trichotillomaniac  The inside of the eye is divided into two chambers: the anterior chamber and the posterior chamber. Both chambers contain fluid, and when there’s inflammation in the eye, a specialist can often see inflammatory cells in the fluid. https://www.hss.edu/conditions_eye-problems-lupus.asp +  
trichotillomaniac  I agree that this is Lupus after doing some more research! +1  
nwinkelmann  I find this article describing the SLE ocular manifestations, including uveitis and cerebritis. https://www.ncbi.nlm.nih.gov/pmc/articles/PMC4908056/ Also this talks about the lupus cerebritis (choroid plexus inflammation): https://en.wikipedia.org/wiki/Cerebritis +  
medulla  every time I read about Lupus there is something new!! +1  
aakb  woman of child bearing age + serositis + arthralgias/arthritis >=2 +  
aakb  kidney issues (main cause of death in sle) +  


submitted by airhead5(2),
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Deos eaoynn nwok hte aiedses eyth ear nkgital u?tabo I wsa intgkhni puusl hcwhi kmesa snese htwi het a,snerw ubt i actn’ ifdn yingntha on rorntiae mearchb of eye nad cordhio sulex.p

liverdietrying  It's lupus, all the symptoms listed are classic especially the serositis. Anterior chamber of the eye = uveitis. Choroid plexus = cerebritis. For a great overview, check out this (free) video: https://onlinemeded.org/spa/rheumatology/lupus/acquire +5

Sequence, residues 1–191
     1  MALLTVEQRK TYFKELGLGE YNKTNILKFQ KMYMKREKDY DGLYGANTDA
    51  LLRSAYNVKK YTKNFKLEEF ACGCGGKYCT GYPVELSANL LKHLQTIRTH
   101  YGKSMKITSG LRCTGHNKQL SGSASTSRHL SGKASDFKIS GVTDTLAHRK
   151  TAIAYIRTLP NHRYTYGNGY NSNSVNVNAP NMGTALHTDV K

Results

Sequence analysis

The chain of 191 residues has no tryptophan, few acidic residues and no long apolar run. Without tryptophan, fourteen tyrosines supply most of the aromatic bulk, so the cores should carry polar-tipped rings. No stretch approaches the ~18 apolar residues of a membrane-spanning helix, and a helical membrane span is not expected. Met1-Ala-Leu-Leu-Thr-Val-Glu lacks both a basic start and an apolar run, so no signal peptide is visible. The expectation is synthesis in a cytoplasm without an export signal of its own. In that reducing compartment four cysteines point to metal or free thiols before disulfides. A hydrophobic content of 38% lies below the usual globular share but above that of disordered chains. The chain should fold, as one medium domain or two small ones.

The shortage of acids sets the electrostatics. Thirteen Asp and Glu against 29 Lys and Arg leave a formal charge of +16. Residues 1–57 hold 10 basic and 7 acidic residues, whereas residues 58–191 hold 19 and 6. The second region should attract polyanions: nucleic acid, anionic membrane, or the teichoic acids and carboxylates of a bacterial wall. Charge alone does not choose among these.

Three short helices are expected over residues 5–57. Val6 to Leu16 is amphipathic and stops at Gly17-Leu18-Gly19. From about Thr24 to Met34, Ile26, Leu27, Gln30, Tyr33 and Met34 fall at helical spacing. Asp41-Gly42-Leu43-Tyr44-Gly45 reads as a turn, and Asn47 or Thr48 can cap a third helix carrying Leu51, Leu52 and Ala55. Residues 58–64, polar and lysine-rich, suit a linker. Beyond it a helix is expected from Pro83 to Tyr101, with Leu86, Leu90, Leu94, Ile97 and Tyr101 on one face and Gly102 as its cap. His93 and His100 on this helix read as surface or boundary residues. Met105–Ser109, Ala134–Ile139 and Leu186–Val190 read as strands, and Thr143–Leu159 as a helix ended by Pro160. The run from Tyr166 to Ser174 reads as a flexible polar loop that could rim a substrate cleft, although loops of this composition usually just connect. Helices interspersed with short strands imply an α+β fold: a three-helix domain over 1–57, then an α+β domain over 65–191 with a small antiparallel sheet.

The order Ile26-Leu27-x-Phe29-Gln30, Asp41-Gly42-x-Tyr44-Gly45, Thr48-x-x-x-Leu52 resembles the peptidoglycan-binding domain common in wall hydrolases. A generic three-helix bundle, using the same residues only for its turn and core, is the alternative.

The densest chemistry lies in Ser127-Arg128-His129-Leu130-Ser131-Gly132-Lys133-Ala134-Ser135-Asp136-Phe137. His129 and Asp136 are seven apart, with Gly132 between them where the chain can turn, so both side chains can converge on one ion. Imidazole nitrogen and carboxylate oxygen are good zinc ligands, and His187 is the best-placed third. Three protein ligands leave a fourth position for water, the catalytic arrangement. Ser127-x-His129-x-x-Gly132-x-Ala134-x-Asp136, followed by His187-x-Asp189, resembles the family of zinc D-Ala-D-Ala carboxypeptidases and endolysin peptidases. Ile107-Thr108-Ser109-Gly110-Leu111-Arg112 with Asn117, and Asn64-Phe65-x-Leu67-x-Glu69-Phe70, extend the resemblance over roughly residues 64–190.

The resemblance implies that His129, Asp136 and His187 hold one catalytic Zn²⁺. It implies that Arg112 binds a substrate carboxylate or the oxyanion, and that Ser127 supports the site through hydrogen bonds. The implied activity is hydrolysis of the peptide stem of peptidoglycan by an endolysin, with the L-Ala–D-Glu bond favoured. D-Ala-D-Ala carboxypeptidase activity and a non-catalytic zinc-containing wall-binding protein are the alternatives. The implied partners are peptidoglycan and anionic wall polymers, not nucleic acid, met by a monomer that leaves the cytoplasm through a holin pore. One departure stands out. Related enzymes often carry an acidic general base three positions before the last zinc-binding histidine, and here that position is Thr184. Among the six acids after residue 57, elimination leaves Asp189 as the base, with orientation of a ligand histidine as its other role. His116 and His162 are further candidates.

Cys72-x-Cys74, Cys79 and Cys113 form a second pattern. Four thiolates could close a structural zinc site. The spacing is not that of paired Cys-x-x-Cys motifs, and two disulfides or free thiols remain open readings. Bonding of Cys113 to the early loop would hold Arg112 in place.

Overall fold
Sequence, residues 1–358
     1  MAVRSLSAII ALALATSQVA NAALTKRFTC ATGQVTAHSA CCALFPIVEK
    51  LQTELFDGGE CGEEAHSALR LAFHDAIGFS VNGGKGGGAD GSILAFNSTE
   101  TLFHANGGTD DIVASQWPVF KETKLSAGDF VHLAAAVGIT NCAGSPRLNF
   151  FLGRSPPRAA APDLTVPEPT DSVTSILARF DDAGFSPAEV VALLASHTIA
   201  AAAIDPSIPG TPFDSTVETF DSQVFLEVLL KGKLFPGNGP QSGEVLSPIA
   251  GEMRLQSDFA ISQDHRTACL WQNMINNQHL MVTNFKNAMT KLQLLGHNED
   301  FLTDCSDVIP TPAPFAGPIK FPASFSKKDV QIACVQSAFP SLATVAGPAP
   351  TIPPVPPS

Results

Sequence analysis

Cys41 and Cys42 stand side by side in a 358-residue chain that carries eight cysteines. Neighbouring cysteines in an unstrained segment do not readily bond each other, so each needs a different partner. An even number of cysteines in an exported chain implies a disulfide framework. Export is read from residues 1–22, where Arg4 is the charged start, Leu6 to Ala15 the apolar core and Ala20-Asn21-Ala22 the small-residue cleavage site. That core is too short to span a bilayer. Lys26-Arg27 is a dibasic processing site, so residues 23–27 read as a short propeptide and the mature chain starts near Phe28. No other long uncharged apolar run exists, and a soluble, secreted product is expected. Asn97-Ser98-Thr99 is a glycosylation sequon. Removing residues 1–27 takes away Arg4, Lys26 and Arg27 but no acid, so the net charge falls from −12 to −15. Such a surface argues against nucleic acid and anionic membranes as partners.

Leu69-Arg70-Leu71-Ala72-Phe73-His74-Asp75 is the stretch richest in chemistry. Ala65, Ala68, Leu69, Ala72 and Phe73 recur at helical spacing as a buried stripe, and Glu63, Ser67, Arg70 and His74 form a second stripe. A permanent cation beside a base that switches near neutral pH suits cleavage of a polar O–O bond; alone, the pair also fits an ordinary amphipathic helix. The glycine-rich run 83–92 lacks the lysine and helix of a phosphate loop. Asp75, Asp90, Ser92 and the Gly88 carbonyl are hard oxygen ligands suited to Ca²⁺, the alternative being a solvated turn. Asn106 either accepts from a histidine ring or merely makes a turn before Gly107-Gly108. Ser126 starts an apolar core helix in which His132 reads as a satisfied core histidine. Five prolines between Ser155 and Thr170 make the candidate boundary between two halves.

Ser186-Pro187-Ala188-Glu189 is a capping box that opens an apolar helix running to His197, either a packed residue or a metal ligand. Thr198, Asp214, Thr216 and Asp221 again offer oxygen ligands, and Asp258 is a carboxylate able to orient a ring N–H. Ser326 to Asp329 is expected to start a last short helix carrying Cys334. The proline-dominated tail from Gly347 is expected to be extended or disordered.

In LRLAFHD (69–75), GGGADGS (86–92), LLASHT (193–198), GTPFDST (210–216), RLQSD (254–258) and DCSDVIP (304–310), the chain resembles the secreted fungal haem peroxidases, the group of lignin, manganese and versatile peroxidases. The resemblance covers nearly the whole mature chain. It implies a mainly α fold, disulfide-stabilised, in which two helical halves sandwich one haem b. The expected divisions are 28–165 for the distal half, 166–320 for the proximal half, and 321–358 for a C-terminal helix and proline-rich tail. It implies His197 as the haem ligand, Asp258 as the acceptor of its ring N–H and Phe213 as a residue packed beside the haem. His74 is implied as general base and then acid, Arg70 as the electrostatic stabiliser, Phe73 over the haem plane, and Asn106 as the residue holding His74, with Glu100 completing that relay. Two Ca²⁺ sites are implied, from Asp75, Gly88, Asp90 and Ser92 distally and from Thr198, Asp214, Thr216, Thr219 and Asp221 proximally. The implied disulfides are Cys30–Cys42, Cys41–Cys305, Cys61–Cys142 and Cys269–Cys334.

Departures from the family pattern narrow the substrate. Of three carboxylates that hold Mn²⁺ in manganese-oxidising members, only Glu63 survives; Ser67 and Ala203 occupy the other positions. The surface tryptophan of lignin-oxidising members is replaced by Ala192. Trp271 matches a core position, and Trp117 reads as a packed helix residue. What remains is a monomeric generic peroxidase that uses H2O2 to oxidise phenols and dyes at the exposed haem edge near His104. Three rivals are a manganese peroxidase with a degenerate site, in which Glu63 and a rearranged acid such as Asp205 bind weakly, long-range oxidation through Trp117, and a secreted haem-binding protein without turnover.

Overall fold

in_a_pass_life  I think this was reactive arthritis, not lupus. Choroid plexus not just in the brain, also in eye (can’t see, can’t pee, can’t climb a tree). Mechanism of reactive arthritis is immune complex deposition, per UWorld, which was correct answer. +5  
trichotillomaniac  The inside of the eye is divided into two chambers: the anterior chamber and the posterior chamber. Both chambers contain fluid, and when there’s inflammation in the eye, a specialist can often see inflammatory cells in the fluid. https://www.hss.edu/conditions_eye-problems-lupus.asp +  
trichotillomaniac  I agree that this is Lupus after doing some more research! +1  
nwinkelmann  I find this article describing the SLE ocular manifestations, including uveitis and cerebritis. https://www.ncbi.nlm.nih.gov/pmc/articles/PMC4908056/ Also this talks about the lupus cerebritis (choroid plexus inflammation): https://en.wikipedia.org/wiki/Cerebritis +  
medulla  every time I read about Lupus there is something new!! +1  
aakb  woman of child bearing age + serositis + arthralgias/arthritis >=2 +  
aakb  kidney issues (main cause of death in sle) +  


(FA 2020 Pg 214)

Acute inflammation + Vasodilation of vasculature and increased endothelial permeability. IL1, IL6, and TNFa are all involved in acute inflammation.

aakb  it literally says "Macrophages predominate in the late stages of acute inflammation (peak 2–3 days after onset)" this question is asking for 6 hrs after onset +6  


submitted by sh_nu(3),
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cbreland  I marked off Entamoeba because I thought it always caused bloody diarrhea... damn +2  
aakb  between Giardia and Entamoeba -- giardia doesn't invade intestinal wall but entamoeba does (per sketchy) +  
pfebo  Entamoeba: flask-shaped ulcers, Liver abscess +